At City Council hearing, some call for SEPTA to get tougher on crime and public safety
Shocking crimes in recent months have increased focus on public safety on SEPTA.
A marathon City Council hearing Monday on crime and fear on Philadelphia’s public transit system highlighted the dilemma of ensuring public safety amid rising violence and an increased awareness of the limitations of the use of police force.
SEPTA leaders described how they are putting millions into increased social services, saying that bare-knuckled law enforcement can’t address many problems.
Meanwhile, some councilmembers, advocates, and unions representing the agency’s employees called for SEPTA to get tougher on disorder aboard trains and buses.
“There’s nothing like a uniformed officer going in between those [subway] cars,” said Councilmember Curtis Jones Jr., noting he frequently hears from people who feel unsafe on stretches of the Market-Frankford El in West Philadelphia. “There is no substitute for those boots on the ground.”
Councilmember David Oh pushed for the joint hearing of Council’s transportation and public safety committees after recent high-profile crimes on SEPTA — the racially motivated beating of a Central High School student Nov. 17 on the Broad Street Line, and the rape of a woman last month on a westbound Market-Frankford train near the 69th Street Transportation Center.
More broadly, SEPTA riders and employees complain of a rising number of people addicted to drugs, experiencing homelessness, or suffering from serious mental illness on transit and of feeling unsafe as they travel.
Tougher enforcement won’t solve those and other societal ills that affect transit, Transit Police Chief Thomas Nestel testified.
“Society no longer accepts that view, and the message has been clearly sent through protest, legislation, [and] changes in prosecution,” he said. “The transit police do not fight society’s call for change. They embrace it and adapt.”
SEPTA is spending $3.6 million on social service specialists to team with police officers and to work in high-volume El stations such as those in Kensington, the epicenter of the city’s struggle with opioids. By the end of this year, Nestel said, the agency will have 50 outreach specialists who steer people in need to recovery from addiction, behavioral care, or shelter.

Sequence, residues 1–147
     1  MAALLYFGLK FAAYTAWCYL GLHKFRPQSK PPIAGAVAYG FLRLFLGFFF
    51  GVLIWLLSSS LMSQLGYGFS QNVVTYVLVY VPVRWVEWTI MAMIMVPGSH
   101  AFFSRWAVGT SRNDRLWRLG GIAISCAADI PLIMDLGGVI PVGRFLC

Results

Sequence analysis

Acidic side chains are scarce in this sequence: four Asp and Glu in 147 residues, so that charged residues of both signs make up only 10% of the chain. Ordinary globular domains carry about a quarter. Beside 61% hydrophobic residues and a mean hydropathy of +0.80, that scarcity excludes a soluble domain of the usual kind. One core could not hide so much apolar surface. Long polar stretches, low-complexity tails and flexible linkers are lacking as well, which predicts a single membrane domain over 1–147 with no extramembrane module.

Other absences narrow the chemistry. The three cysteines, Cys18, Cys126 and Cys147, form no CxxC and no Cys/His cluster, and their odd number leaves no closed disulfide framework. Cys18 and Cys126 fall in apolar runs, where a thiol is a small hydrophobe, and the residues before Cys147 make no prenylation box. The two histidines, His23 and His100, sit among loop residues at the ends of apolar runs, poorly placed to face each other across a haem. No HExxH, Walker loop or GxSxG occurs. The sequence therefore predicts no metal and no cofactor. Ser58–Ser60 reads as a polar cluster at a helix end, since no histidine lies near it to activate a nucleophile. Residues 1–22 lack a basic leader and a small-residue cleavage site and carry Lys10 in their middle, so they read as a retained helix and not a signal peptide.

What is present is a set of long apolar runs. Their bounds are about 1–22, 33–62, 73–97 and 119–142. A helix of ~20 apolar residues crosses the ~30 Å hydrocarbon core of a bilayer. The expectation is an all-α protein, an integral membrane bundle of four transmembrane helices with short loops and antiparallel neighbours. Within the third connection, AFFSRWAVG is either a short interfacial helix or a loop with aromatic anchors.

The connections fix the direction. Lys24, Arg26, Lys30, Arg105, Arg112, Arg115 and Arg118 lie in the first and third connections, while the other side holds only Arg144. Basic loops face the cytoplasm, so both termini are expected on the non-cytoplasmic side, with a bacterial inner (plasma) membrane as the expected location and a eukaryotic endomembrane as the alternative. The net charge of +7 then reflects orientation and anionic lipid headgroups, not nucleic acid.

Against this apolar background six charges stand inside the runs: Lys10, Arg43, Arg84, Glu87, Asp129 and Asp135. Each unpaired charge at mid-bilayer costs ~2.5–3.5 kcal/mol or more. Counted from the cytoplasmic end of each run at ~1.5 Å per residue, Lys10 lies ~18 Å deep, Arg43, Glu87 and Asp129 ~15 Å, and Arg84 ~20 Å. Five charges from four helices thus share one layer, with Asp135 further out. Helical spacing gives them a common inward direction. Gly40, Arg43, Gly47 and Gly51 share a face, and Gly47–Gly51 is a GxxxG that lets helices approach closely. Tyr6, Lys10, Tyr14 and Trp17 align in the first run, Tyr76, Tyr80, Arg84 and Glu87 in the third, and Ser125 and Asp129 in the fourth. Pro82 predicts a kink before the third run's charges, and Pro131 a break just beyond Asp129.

Oh, the councilmember, said SEPTA’s efforts are admirable, but “it seems like they’re doing a lot of things about a lot of things [except] but what they should be doing … ensuring that those who use this system are safe.”
Third District Councilmember Jamie R. Gauthier praised SEPTA for approaching the issue “creatively” and said there are other nuanced approaches that could help, such as having non-officers on trains to keep the peace after school.
” I would encourage us to do that before we kind of go back into the same habit of asking our police officers to do everything,” she said. “That’s not the only solution that we can employ.”
Omari Bervine, president of the transit police officers union, said police patrols are spread thin, with perhaps 33 officers covering the entire SEPTA system on a typical day shift. He blasted the agency for its hiring of contracted security guards.
“Continuing to pour much-needed financial resources into this failed security guard program instead of using those resources to actually make your passengers safer by hiring more police is not only unwise, but it’s also dangerous,” Bervine said.
Transport Workers Union Local 234 has been pushing for bolder action for months, and union vice president Brian Pollitt said SEPTA leadership has responded with excuses, such as financial straits and using stopgap measures such as security guards.
“Instead of covering their asses and leading from behind or via Zoom from their home offices they need to act on safety and security now,” said Pollitt, who was recently named acting president of Local 234, taking over for union president Willie Brown, who has plans to join the international union.